Magazine article Behavioral Healthcare Executive

EMRs AND DATABASE STRUCTURES

Magazine article Behavioral Healthcare Executive

EMRs AND DATABASE STRUCTURES

Article excerpt

Behavioral healthcare providers at all types are implementing electronic medical records (EMRs). justifiably, much attention is being paid to issue's of client/patient privacy, clinician work How, and the EMR's impact on resources and procedures. A sometimes underemphasized element of EMR implementation is content design-how to capture and manage information. To he successtul in their EMR deployments, organizations must devote adequate time and resources to designing an EMR that exploits the underlying database to advance the organizations goals, embody its culture, and execute its policies.

Clinical care, business and efficiency goals, and policy considerations should he reflected in the structure of information (tables and types of fields within tallies) and the How of inlorimtion through the database structure to the outputs (e.g., reports). Questions and implications associated with EMR data management fall into a number of categories:

Specialized Versus Integrated

Questions. Concerning the overall database structure, should you create separate assessments, treatment plans, and progress notes (e.g., by discipline or level ol care), or create multidisciplinary forms used across the spectrum of care? Is the clinical culture best represented by a documentation process focused on specialised roles or one that emphasizes collaboration? Does the assessment and treatment information belong to the individual clinician or to the patient?

Implications. EMRs either can support or challenge staffs professional idemiiy and program loyalties. It is important to consider the above questions in the content design process. The use of several forms for a clinical operation, lor example, may result in data duplication with the risk of data discrepancies. The database's structure (specialized versus integrated) aJso affects the user's ease m navigating the EMR, as well as data flow. The flow ot information from data entry 10 reports and decision support tools is a major benefit ot databases and should be a priority during content design.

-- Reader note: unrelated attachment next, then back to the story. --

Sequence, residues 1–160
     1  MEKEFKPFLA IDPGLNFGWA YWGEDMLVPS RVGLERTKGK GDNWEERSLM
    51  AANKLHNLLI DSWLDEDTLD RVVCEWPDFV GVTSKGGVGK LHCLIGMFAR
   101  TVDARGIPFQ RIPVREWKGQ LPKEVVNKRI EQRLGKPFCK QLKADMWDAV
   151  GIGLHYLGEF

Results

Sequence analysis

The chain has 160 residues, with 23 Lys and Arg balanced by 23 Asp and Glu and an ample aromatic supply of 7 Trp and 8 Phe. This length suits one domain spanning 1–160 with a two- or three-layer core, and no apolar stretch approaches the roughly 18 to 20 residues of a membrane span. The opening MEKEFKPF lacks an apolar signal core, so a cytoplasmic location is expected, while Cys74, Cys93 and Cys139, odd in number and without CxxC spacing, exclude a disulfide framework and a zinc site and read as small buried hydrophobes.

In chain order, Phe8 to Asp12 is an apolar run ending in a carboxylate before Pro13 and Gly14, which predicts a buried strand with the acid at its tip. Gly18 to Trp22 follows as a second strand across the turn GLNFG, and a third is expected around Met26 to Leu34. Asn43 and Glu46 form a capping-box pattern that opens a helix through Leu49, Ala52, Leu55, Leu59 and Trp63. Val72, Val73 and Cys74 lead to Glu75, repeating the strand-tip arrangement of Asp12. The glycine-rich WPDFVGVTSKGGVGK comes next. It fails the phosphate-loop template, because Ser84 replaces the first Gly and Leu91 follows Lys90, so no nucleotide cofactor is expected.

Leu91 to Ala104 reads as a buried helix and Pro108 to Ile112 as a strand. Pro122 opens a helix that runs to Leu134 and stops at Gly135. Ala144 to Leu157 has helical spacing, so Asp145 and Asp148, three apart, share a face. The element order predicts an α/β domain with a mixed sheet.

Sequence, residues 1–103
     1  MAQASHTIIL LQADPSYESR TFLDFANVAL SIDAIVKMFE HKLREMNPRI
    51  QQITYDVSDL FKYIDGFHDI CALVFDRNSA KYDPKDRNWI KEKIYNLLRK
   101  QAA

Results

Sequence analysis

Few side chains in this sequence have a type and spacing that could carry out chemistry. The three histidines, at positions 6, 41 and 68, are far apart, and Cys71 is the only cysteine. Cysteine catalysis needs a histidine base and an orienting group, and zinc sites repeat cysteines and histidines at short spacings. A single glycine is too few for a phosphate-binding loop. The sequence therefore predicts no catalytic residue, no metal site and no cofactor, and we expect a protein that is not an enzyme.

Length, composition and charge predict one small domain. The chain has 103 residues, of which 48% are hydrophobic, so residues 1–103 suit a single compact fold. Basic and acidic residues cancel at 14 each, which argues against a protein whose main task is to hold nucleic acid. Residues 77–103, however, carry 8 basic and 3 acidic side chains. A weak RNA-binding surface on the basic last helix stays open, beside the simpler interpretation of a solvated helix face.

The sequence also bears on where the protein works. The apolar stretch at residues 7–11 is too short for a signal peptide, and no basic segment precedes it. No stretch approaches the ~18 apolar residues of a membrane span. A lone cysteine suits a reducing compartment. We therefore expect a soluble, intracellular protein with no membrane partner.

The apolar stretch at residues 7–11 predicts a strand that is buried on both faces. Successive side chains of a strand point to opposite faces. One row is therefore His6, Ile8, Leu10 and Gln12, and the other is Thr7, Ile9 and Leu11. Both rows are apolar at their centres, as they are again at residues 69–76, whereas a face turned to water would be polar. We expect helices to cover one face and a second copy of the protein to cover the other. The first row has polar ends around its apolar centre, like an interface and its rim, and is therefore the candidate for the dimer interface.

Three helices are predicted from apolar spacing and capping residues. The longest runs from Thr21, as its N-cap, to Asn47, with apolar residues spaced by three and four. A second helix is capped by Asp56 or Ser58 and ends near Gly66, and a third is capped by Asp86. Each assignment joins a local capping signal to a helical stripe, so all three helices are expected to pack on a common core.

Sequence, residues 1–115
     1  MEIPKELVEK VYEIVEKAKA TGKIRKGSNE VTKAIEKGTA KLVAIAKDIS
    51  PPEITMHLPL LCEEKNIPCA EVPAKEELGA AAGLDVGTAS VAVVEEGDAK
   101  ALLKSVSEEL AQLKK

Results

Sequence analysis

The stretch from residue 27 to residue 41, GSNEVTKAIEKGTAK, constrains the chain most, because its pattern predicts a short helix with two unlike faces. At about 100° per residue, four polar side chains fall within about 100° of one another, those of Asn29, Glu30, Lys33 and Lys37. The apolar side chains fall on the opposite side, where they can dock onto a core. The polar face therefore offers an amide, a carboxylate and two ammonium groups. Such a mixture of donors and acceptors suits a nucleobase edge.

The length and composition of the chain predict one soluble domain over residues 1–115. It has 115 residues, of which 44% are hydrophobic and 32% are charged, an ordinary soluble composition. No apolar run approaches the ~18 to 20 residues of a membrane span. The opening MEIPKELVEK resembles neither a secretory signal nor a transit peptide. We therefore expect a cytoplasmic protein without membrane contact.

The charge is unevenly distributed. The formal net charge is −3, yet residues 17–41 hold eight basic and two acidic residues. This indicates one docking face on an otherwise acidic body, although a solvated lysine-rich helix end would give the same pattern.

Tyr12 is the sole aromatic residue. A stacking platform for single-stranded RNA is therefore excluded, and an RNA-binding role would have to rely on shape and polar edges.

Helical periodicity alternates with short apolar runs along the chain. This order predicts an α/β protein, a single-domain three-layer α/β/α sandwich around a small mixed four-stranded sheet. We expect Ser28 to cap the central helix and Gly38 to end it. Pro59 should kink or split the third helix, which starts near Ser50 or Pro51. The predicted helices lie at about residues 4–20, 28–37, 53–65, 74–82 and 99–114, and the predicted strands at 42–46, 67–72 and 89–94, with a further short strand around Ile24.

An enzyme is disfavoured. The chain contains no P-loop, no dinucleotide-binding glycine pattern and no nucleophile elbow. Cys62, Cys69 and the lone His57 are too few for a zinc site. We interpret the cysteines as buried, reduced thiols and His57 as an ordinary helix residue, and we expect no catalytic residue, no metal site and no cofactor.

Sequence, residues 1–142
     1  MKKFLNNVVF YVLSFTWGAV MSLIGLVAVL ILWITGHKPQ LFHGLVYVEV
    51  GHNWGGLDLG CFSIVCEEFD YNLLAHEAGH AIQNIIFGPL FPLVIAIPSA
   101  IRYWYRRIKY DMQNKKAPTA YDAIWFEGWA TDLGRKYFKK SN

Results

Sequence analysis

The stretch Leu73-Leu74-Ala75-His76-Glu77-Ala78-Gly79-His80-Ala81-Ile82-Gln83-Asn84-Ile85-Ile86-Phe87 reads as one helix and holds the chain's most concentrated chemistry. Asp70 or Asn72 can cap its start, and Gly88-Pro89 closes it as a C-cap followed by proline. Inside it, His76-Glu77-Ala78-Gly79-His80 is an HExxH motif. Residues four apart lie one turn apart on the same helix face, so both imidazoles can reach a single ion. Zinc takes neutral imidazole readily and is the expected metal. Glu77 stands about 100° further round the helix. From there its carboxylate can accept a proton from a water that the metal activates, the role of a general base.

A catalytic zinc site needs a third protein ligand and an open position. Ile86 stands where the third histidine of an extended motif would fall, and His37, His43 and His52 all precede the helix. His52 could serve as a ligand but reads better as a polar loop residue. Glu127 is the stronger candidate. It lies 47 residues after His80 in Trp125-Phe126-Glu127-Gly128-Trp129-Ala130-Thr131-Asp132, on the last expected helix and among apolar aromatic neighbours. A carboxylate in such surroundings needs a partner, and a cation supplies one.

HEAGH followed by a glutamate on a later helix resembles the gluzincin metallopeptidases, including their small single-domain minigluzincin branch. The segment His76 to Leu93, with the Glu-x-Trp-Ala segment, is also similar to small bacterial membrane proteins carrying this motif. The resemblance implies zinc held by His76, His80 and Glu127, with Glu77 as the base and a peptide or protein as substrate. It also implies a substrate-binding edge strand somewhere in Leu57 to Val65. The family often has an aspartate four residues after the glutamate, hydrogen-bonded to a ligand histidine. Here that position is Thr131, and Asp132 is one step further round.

Standardized Versus Individualized

Questions. At the level of discrete data fields, when is it best to use "dictionary" data-type formats with standardized choices, and when are free-text narrative formats better? Is there essentially identical information in different components that can be formatted in the same way (e.g., scales for assessing risk or formats for capturing family history)? What might we want to learn about what we do?

Implications. Dictionary data types ensure data consistency. In addition, dictionary formats make intormation available for aggregated reporting, while free-text data are difficult to aggregate. therefore. data-type decisions impact the capacity to aggregate content across programs and populations for efficient report production and more robust analysis. Reducing the number of Formats simplifies software development, the creation of user documentation, and staff training.

Focused Versus Comprehensive

Questions. With the entire dataset's scope in mind, how do you decide which data to include and where to draw the line? Must you include an individual item lor corporate-compliance with your clinical care mission? Do you want to include a data element because it is useful for outcome reporting or because a specialty team wants to include it? Should you use extensive standardized information, or develop a set of required screening questions with optional narrative details as needed?

Implications. It is easy for an EMR design team to have enthusiasm for capturing data while losing sight of the burdens of data gathering being created for line stall. …

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